The demise of STX as a distributor continues to pose questions for the future of high-profile movies on their slate, including Guy Ritchie’s action film Operation Fortune, Michael Mann’s big-budget biopic Ferrari, and Daisy Ridley thriller The Marsh King’s Daughter.
For months we’ve heard about a deal being in the works between the Bad Moms and Hustlers outfit and Lionsgate, which would see the latter taking on some, if not all, of STX’s movies for distribution.
That remains the direction of travel and multiple STX executives have moved over to Lionsgate, including former STX chairman Adam Fogelson who is now Vice Chair of the Lionsgate Motion Picture Group.
We understand more will follow in coming weeks, leaving few staff left in STX’s domestic marketing and distribution team.
If Lionsgate is to take on a bunch more movies it stands to reason that it should bulk up its staff. Fogelson will want ‘his guys’. How the two teams mesh culturally and practically, remains to be seen, however. And with a deal still not finalized between the two studios – we hear there should be some clarity by year’s end – some movies have been caught in limbo.
None more so than Guy Ritchie and Jason Statham’s action-comedy Operation Fortune: Ruse De Guerre, which has been ready for some time. We understand the film is now most likely to head to a streamer for domestic. We understand there has been back and forth between Miramax, Lionsgate and STX about the film’s domestic release, with neither Miramax or STX keen to be on the hook for sizeable P&A. A theatrical launch was initially the plan via STX but the company couldn’t fulfil that obligation following its downsizing. Lionsgate did at some point show willing to release the movie – a January launch was once mooted but that would have jutted up against Gerard Butler action pic Plane (which we hear is solid). We hear that Miramax is ultimately seeking a high-dollar U.S. streaming deal.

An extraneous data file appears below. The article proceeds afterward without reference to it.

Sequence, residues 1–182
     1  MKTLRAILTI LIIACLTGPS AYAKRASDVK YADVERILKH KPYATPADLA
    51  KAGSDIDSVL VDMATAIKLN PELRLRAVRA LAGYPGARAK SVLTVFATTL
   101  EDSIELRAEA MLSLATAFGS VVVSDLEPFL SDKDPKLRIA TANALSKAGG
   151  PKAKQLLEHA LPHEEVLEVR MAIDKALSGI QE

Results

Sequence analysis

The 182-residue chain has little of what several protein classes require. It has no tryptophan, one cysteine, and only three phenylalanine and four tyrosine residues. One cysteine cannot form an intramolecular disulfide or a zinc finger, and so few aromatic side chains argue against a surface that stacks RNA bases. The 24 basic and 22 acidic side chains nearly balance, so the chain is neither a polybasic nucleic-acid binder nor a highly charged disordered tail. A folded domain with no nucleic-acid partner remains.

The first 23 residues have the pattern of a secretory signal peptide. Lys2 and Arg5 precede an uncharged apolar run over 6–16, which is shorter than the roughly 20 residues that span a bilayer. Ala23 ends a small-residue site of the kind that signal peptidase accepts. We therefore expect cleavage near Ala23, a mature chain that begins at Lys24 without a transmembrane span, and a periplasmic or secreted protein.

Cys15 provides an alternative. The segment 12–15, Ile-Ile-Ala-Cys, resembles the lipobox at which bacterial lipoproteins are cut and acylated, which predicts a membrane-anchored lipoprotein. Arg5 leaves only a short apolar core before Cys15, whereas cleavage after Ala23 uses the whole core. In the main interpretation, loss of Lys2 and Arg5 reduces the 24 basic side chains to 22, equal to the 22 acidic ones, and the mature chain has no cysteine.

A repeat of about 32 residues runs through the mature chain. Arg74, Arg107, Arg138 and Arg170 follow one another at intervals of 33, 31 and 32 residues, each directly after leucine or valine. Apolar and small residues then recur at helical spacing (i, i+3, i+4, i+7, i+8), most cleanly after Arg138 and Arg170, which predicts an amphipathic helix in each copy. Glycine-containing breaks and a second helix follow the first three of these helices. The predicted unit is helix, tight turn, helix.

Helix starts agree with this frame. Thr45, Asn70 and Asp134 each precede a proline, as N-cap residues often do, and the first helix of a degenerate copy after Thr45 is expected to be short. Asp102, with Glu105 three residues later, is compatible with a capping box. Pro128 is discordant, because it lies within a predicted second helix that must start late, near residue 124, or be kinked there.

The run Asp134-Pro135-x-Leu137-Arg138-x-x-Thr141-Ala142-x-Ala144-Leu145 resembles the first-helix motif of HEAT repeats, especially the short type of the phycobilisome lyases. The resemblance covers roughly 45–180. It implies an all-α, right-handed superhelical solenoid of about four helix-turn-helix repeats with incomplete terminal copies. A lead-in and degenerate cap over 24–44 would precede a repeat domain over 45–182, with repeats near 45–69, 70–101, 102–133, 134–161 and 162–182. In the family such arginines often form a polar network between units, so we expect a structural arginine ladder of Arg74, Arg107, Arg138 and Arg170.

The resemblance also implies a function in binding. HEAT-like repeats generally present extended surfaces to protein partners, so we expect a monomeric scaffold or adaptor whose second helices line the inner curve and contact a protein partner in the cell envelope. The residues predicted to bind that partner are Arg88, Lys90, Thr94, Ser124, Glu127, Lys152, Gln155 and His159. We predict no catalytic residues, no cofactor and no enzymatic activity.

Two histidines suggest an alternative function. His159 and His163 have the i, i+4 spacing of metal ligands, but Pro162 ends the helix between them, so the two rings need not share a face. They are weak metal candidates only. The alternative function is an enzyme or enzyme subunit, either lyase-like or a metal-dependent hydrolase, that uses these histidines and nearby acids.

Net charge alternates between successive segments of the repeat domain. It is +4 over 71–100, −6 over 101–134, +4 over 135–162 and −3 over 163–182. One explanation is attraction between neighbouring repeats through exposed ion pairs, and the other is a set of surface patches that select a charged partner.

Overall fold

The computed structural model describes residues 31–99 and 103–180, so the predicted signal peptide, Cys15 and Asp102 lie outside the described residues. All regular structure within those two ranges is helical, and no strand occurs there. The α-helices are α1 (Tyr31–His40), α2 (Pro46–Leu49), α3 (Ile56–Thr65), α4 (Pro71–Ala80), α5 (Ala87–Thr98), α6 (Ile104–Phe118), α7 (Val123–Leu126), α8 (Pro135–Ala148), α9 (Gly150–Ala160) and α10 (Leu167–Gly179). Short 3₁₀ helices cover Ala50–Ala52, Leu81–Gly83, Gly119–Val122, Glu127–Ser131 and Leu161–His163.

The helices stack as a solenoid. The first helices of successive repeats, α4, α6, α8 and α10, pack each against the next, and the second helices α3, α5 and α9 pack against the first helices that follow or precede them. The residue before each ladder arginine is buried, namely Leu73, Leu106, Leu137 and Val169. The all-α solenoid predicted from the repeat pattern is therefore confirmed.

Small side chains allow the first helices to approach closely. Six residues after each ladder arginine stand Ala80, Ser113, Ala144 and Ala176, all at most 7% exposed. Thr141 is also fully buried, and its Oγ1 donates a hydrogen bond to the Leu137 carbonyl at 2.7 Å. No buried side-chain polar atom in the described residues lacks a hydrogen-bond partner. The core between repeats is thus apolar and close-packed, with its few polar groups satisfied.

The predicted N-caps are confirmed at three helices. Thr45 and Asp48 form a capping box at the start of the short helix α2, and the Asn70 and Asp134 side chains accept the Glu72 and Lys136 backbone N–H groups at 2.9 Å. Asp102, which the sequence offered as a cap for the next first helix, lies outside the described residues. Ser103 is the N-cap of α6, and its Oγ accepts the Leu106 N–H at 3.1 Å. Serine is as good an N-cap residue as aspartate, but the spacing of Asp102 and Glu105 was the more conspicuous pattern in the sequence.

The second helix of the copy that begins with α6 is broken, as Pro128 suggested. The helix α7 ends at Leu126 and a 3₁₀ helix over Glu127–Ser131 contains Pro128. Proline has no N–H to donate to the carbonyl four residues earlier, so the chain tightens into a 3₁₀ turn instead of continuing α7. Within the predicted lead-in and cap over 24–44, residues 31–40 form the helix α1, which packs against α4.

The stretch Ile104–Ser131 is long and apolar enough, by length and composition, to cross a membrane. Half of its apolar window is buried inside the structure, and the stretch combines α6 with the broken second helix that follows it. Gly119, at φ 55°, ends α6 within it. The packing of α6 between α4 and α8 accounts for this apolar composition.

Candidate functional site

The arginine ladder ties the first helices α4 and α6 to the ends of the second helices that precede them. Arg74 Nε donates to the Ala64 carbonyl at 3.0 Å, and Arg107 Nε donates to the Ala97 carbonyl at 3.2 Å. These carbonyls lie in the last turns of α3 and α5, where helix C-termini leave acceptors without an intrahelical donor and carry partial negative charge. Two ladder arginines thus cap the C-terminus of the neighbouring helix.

The film’s international distributors — who played a key role in getting the movie financed – have been waiting patiently to get the movie out. We understand they are now tired of waiting and will start their launches from January, even if it means going ahead of the domestic release.
It hasn’t been plain sailing for Operation Fortune, which already had to change its name from Five Eyes — the name of a western intelligence organisation — due to concerns about how that would play in China. Then a plotline involving Ukrainian mobsters became a minor headache after the Russian invasion. We’re assured this was a minor sticking point and re-edits weren’t needed, despite press reports to the contrary.
Another movie in limbo is The Marsh King’s Daughter, starring Daisy Ridley, Ben Mendolsohn and Garrett Hedlund. The Neil Burger thriller is finished and discussions are going on now about how it can be released. The movie isn’t guaranteed to go through Lionsgate so alternatives are being explored.
The highest-profile film on the STX slate is Michael Mann’s Ferrari, starring Adam Driver, Penelope Cruz and Shailene Woodley. The big-budget biopic wrapped this month. Mann has spent decades getting the movie into production only to see his distribution partner on the film disintegrate during the process.
The big-canvas project, with a budget in the $90M range, was always intended to get a big theatrical rollout. The current expectation among those involved is that Lionsgate will take the movie, providing their deal with STX makes. Big-canvas Michael Mann movies don’t grow on trees after all. But nothing is set in stone. If Lionsgate, for whatever reason, decides against releasing the movie theatrically, we understand that Mann and fellow producer P.J. van Sandwijk have the right to seek a domestic theatrical partner elsewhere.